Reports this week of a staggering security flaw in processor chips from Intel, ARM and potentially other major manufacturers have prompted a new round of the (by now) age-old question: Would this be covered by cyber insurance?
The Intel Flaw
The two vulnerabilities, named “Meltdown” and “Spectre” by a team of security researchers (and apparent James Bond enthusiasts) at major tech companies and in academia who discovered the flaws, can be found in chips that have been manufactured for over twenty years. In reality, this means that the flaw exists in nearly every device you can think of, from phones, laptops and servers, to “smart” refrigerators and televisions. There are plenty of technical articles explaining the vulnerability, but in essence, this security flaw could allow a bad actor to access all kinds of data stored in the chip’s memory kernel. This article from New York Magazine does an excellent job of illustrating the possible exploit with an analogy involving Parvati, the Hindu goddess with many arms. Trust me, it makes sense.
While it is tempting to jump to the conclusion that anything involving a computer must lead to cyber insurance, the answer is not that simple. The vulnerability could cause a number of different problems, only some of which would result in cyber insurance claims.
The most straight-forward example is if a hacker is able to exploit the vulnerability in these chips and uses it to steal personally identifiable information (PII) or protected health information (PHI) or payment card information (PCI). That would be a textbook example of a data breach, and the cost of responding to the breach as well as the resulting liability should be covered by all cyber insurance policies.
What about Intel? Shouldn’t they be liable? Maybe, but that would be a secondary analysis. Cyber insurance would first respond to the breach, but as in any insurance claim, if there are other parties that are potentially liable for all or part of the loss, the insurer may seek to subrogate against them.
In this example, Intel might actually be several steps removed from the end customer. The company might have better recourse against the distributor that sold them the flawed computers, with whom they have a contractual relationship. The distributor in turn might have the ability to recover from the manufacturer who embedded the Intel chip in their device. And in all of those relationships, the parties might have agreed to contractual terms that limit their liability.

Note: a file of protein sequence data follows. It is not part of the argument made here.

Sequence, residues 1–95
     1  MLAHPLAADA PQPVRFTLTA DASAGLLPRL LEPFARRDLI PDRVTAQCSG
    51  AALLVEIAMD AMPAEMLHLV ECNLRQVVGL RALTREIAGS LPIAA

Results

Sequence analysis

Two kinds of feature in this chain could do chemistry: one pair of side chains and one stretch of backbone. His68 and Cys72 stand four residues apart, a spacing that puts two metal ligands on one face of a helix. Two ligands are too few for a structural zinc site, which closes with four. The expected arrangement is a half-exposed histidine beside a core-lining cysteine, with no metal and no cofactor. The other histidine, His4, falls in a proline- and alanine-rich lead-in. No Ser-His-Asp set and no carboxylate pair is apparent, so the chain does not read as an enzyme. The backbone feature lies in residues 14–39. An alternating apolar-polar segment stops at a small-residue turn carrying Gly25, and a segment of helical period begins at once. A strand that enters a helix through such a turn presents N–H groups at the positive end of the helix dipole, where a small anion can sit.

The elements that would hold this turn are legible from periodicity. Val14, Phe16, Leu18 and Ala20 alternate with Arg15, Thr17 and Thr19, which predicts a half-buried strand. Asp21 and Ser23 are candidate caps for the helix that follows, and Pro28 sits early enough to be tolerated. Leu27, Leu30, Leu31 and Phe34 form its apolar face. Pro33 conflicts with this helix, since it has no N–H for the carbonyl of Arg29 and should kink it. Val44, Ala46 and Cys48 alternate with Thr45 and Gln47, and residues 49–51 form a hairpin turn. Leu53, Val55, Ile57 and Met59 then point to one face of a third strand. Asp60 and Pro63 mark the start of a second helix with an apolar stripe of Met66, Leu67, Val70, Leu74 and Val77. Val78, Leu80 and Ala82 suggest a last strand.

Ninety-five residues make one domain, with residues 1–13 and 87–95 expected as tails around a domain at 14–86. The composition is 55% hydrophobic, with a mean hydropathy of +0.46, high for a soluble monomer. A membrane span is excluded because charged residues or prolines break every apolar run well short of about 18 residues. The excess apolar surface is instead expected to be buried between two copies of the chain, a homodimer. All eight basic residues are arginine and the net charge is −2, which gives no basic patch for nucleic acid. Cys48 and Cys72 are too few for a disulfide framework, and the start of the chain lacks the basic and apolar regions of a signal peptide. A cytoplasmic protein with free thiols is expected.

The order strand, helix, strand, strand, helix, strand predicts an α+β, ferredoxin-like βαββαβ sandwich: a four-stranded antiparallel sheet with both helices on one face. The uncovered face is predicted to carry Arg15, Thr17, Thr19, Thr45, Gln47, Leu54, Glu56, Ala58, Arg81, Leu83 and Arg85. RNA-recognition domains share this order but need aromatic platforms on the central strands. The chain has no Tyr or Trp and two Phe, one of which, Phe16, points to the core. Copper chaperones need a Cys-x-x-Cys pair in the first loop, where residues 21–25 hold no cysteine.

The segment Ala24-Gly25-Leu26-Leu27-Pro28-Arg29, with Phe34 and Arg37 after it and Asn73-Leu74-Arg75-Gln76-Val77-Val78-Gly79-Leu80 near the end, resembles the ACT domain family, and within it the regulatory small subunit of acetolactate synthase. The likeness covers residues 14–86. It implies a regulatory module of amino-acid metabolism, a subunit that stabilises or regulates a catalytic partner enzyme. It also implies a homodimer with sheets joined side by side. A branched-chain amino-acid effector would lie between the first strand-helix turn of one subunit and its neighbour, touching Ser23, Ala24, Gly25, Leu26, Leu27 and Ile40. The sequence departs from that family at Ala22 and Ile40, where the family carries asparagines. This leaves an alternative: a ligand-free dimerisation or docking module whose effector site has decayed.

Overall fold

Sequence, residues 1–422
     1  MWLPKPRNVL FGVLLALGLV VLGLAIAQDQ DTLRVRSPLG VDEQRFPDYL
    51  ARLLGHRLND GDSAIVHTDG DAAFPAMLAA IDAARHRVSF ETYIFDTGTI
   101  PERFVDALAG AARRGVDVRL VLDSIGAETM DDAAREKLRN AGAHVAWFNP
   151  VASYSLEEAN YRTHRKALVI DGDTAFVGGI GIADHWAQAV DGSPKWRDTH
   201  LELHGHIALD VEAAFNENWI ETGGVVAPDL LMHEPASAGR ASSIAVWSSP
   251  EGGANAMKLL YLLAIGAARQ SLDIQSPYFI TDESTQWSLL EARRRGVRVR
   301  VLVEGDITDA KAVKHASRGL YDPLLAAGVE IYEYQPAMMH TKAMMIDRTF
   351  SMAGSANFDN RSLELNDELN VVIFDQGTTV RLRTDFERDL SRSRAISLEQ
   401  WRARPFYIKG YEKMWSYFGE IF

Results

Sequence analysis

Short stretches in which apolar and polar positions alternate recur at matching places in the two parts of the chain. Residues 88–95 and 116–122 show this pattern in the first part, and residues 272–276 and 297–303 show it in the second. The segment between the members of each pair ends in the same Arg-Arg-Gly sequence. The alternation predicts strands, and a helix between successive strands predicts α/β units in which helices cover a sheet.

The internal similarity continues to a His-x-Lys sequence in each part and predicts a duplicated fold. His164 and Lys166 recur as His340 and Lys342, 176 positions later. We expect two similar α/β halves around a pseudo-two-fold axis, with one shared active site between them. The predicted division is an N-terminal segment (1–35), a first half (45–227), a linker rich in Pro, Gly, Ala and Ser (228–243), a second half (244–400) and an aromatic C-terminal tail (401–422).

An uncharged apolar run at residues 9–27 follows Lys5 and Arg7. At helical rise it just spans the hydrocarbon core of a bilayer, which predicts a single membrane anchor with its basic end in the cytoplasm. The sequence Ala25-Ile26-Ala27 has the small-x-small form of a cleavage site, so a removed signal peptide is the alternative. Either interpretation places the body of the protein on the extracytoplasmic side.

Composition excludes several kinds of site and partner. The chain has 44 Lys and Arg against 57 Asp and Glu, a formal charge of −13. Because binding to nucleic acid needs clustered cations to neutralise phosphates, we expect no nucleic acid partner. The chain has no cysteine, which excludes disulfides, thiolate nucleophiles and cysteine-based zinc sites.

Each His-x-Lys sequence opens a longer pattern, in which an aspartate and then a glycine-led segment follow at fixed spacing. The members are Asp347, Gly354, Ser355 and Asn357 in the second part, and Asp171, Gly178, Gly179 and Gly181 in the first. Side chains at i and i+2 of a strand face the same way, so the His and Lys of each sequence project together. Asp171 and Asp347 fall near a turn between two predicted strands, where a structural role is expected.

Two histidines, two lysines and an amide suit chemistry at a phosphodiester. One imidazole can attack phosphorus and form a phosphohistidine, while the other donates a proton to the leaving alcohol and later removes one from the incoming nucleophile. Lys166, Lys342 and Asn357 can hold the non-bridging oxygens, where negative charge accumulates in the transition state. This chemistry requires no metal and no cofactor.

If the hacker instead uses the exploit to steal trade secrets or confidential corporate information, cyber insurance is less likely to respond. There might be some coverage for the cost of forensic analysis to determine what data was stolen, but cyber insurance rarely covers the lost value of your own intellectual property.
One certainty is that the security flaw will impact cyber insurance underwriting. The only way to eliminate the vulnerability is to update software and firmware on the impacted devices. Microsoft, Apple, Google, and others have been scrambling to create security patches to their operating systems for users to install. Intel announced that by the end of next week, they expect updates to be available for more than 90% of devices introduced within the past five years.
What Can Be Done
This is exactly why patch management is such a major area of focus in the cyber underwriting process. While they are not always this significant, software bugs and security flaws are discovered all the time. Once a bug becomes known and the patch is available, the burden shifts to the device owner to download the patch and update their device. The longer the delay, the more likely that a hacker will discover the vulnerability and exploit unpatched systems. Cyber underwriters will want to know if you have patched all vulnerable devices, and how long it took you to do that after the patches became available.
Another area of underwriting focus will be device obsolescence. Note Intel’s statement that the patches next week will focus on devices introduced in the last five years. What about older computers? Given that this vulnerability involves chips dating back to 1995, will patches be made available for them?
Manufacturers are obviously not motivated to keep updating old equipment, and it may be difficult for companies to ensure that their entire network is free of the vulnerability if they don’t migrate to newer machines. When Microsoft announced plans to stop supporting Windows XP in 2014, cyber underwriters began asking questions about how companies were handling the phase-out since those systems would no longer be able to receive security updates. This situation will certainly result in a similar underwriting focus.
The bottom line? Companies that are proactive in dealing with the chip vulnerabilities will improve their cyber security – and their ability to secure good cyber insurance.